The Phases of Mary Poppins – A Family Costume

Our family loves dressing up for Halloween! We love it so much that the night after it ends we begin to ask ourselves what the next year’s costume theme be! We have made it a tradition to find a theme that would make sense as a family and our girls always take part in helping us come up with it. Luckily, my husband can create anything imaginable and this year was no exception. This Summer our then 3 year old was obsessed with Mary Poppins. She loved singing along and pretending to be the magical nanny. She wanted the songs to play non-stop and I had to limit her to watching the movie once every couple of days! So when my husband again asked what our family’s theme would be, she immediately decided she wanted to be Mary Poppins. My oldest (5) said she also wanted to play the part, so in order for us to keep the peace, I offered for all of us girls to all be her.

They thought it was a great idea and we each picked our favorite part of the movie. My oldest loved the part when she was first seen flying down from the sky. My youngest loved the Jolly Holiday – Supercalifragilisticexpialidocious part (she can even say the word!). I chose the soot filled Poppins with my husband as the chimney sweeper Bert. We immediately began to get to work inspecting details of the movie before gathering all the pieces so that my husband can begin his detailed work.

For the first outfit (flying Poppins), we gathered clothing from a second hand store. The problem was that my daughter wears a 4/5 and the coat was a woman’s size 8 and the skirt came from a size 12 gown. The coat was taken in several times from the back and the sleeves cut and narrowed. A belt was made from scrap fabric and the button moved up to for a better fit. The grown was cut down to a skirt which was then linked to a white button-down shirt to create one solid piece.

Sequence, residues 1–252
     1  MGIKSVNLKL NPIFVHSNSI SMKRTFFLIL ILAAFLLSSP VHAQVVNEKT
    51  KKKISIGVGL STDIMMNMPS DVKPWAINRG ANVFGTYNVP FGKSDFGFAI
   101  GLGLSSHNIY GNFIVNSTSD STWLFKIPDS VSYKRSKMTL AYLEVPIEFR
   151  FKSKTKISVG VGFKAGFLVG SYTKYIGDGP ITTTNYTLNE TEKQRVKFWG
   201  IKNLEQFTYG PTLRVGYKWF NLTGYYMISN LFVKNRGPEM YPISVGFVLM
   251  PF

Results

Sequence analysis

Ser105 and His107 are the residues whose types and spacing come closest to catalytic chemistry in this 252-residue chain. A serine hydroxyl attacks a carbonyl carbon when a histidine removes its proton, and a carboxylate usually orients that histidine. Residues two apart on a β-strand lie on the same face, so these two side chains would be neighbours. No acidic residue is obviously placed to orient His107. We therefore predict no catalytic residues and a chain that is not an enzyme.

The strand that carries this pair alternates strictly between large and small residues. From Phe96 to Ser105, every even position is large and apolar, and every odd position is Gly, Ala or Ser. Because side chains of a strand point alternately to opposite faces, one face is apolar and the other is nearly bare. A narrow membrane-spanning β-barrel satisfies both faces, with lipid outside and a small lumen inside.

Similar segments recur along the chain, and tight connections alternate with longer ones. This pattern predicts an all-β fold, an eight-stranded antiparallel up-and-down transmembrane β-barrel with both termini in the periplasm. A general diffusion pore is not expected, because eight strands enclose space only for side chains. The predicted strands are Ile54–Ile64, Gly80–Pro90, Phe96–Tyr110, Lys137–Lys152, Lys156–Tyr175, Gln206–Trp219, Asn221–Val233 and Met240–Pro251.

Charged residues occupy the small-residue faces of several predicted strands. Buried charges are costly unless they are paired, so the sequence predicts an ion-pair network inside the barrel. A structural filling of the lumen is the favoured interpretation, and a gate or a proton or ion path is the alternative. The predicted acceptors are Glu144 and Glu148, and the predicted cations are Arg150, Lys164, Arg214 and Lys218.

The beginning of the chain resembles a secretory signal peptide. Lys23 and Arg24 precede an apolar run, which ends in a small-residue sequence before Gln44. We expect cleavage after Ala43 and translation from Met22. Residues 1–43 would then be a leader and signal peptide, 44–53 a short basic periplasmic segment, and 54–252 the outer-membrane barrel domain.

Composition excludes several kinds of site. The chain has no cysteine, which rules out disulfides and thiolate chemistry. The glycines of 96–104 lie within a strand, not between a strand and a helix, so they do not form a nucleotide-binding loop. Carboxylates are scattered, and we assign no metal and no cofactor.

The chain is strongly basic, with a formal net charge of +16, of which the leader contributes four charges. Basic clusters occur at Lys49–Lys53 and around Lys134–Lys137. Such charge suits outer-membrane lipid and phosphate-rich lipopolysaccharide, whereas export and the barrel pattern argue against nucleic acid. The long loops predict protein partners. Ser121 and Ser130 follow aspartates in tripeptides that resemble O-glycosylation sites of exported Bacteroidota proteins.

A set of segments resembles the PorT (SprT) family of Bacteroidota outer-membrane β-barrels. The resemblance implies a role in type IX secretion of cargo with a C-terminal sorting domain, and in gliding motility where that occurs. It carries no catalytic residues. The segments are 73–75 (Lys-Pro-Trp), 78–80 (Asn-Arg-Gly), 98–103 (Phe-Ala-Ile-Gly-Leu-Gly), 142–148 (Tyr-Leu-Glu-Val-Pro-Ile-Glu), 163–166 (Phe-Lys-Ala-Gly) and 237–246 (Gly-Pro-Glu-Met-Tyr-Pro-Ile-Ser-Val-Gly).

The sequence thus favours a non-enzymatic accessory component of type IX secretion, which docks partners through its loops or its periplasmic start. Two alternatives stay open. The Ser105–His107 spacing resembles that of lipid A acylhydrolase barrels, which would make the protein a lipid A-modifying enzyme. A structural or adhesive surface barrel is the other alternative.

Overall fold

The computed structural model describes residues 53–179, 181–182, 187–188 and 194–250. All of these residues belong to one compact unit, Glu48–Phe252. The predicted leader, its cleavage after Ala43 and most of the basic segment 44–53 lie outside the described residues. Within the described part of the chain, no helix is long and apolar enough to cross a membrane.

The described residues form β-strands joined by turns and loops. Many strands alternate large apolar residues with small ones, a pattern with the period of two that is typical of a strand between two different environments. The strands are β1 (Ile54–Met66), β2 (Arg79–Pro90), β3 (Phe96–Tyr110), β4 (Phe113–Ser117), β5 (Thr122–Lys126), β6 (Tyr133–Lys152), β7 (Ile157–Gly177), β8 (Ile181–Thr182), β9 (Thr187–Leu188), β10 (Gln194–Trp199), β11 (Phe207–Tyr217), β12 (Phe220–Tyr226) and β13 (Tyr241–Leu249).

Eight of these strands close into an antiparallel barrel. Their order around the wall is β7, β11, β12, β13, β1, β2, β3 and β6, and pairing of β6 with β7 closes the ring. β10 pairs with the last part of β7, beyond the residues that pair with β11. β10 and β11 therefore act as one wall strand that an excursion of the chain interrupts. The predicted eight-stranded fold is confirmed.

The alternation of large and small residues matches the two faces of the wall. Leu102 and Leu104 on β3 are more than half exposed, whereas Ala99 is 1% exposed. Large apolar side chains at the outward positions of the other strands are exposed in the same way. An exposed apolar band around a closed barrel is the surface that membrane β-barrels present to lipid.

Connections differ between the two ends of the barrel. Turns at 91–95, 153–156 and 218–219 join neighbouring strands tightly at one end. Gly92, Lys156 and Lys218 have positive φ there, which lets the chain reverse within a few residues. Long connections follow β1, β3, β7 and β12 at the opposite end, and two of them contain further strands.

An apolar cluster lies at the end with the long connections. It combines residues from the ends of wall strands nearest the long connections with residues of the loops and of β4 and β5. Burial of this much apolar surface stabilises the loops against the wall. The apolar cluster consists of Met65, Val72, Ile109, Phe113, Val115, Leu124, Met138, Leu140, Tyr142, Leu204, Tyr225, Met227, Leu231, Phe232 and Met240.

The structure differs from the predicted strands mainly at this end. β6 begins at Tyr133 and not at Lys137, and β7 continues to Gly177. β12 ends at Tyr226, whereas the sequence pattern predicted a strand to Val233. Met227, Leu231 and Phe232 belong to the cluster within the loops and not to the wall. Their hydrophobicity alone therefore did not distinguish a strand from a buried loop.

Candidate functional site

The collar of the shirt was cut Victorian style and lacey trim and a tiny bow tie were added. Two white piping pieces were added to the skirt to finish the outfit. Shoes were glittery black from the second hand store which we spray painted solid black, stockings were store bought.

The scarf was cut out from a white knitted sweater, dyed pink, given red stripes and red yarn was added as the fringe. We found a black straw hat online (purchased 2), my husband had to shrink it by cutting and gluing it to fit my daughter’s head.

The flowers were purchased from a craft store and after frame by frame movie inspection of the detail, these were placed according to how the character wore it including adding red dots to the inside of the white daisies. Gloves were handmade from “stretchy” white fabric (hard to find child gloves in FL).